Home | Directions | Find a Job | News | Lifeline | Video | Choose a Department

Albany Medical Center Foundation

Christopher Titolo


For Christopher Titolo, the headaches began in the fall of 2011 when he started fourth grade. Doctors checked his eyesight and tested him for allergies, but Christopher was fine. After a severe headache accompanied by vomiting, his parents Vincent and Sue grew worried.  They took him to see his pediatrician, who ordered an MRI.

That night, as the Titolos were getting ready for bed at their home in Guilderland, NY, the phone rang. It was his pediatrician. Christopher had hydrocephalus, a buildup of fluid inside the brain.

“He told us Christopher had a very large tumor on his brain,” recalls Vincent, a letter carrier for the U.S. Postal Service.  “The tumor was blocking the cerebral fluid that drains from the brain. He was in a lot of danger.”

The couple rushed Christopher to Albany Med’s Children’s Hospital, where a team of doctors was waiting. “Six hours earlier he was playing basketball,” Vincent says. “Now, they were asking if he could walk or talk or move.”

It turned out Christopher had a juvenile pilocytic astrocytoma, a life-threatening childhood brain tumor.  The next morning, Albany Med pediatric neurosurgeon Dr. Matthew Adamo began the 10-and-a-half hour procedure to remove the tumor. Thankfully, it turned out to be benign.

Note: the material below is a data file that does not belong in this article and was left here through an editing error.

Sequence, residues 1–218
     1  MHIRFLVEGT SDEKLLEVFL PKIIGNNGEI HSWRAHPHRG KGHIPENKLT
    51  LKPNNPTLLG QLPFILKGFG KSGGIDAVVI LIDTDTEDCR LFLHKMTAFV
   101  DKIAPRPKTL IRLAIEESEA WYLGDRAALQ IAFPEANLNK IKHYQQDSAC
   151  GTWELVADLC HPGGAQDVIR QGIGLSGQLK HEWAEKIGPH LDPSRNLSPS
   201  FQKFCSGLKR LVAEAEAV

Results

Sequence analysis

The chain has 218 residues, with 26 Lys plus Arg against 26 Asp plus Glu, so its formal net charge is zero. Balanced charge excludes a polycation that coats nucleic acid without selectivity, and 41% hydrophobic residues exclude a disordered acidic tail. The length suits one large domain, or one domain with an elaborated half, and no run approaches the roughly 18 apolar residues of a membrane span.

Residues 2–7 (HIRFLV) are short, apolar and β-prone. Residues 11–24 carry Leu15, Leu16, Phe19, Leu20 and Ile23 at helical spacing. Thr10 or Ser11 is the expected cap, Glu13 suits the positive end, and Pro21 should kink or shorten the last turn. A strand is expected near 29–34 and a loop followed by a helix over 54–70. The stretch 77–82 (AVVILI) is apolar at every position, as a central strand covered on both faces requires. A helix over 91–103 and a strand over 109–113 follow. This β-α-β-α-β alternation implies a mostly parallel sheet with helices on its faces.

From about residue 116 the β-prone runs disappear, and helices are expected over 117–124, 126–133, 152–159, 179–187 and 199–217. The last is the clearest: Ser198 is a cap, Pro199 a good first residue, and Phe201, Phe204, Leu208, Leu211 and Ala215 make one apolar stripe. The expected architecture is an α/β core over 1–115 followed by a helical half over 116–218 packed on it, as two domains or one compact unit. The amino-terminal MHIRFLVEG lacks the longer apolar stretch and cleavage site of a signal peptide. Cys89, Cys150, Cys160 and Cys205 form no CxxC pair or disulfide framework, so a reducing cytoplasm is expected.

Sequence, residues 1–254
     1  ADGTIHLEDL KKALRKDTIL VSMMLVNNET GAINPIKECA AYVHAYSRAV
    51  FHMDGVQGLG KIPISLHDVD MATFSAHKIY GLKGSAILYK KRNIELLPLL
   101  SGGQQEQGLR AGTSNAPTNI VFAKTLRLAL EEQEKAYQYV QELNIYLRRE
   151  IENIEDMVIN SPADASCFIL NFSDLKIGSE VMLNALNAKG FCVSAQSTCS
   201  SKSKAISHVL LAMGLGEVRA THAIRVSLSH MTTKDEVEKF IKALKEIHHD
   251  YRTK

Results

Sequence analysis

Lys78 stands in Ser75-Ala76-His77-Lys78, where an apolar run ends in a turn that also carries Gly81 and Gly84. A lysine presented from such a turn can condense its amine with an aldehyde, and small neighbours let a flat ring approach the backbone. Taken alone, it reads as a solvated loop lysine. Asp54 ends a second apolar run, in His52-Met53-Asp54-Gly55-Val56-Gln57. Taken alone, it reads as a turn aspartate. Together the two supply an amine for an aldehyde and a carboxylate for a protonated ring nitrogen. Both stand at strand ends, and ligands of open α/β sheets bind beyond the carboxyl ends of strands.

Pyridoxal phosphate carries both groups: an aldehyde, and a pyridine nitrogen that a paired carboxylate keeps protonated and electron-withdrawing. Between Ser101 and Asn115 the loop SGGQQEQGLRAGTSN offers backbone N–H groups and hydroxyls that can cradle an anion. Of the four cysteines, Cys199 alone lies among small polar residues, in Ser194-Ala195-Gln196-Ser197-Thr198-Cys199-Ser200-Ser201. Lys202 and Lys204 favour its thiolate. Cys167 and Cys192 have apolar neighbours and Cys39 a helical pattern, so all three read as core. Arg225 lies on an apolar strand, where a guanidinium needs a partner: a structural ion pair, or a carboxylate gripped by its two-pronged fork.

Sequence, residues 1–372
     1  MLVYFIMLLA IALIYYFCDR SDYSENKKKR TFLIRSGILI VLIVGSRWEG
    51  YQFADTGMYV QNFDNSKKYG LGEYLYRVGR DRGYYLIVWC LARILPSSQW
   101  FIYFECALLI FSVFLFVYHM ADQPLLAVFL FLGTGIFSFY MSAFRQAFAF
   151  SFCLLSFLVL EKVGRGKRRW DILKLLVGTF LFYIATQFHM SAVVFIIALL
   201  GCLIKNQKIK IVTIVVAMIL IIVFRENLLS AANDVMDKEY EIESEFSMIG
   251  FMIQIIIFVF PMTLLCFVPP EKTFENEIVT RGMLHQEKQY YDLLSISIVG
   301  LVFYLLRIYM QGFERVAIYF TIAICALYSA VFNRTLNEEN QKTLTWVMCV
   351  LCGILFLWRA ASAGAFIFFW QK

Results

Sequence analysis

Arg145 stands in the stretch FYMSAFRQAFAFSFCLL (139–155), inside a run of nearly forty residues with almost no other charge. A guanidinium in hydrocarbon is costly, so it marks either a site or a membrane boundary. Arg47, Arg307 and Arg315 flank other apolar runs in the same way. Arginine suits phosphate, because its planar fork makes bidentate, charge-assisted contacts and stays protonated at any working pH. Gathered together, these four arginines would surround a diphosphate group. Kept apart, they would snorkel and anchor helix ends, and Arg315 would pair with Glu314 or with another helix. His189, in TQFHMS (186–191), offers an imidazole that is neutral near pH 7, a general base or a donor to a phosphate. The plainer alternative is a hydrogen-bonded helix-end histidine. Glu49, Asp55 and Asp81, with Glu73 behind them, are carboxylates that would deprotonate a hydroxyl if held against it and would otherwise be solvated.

A day after the surgery, the doctors began reducing his sedatives, a process that was among the most stressful of the whole ordeal. “That’s what I remember most is the one night as he was coming out of sedation,” Vincent says. “There were so many unknowns. Can he see? Can he talk? We didn’t know how he would be transformed by the surgery.”  

Time revealed that Christopher had done well. By the end of the weekend, he was sitting up and saying yes or no.  After a month in Albany Med’s pediatric intensive care unit, Christopher started rehab. “It was just a big deal to see him walk for the first time,” Vincent says. 

A year later, Christopher is back in school in the fifth grade at Pine Bush Elementary School and playing basketball. “He’s back to being a regular kid,” Vincent says.

View More Neuroscience Patient Stories

Y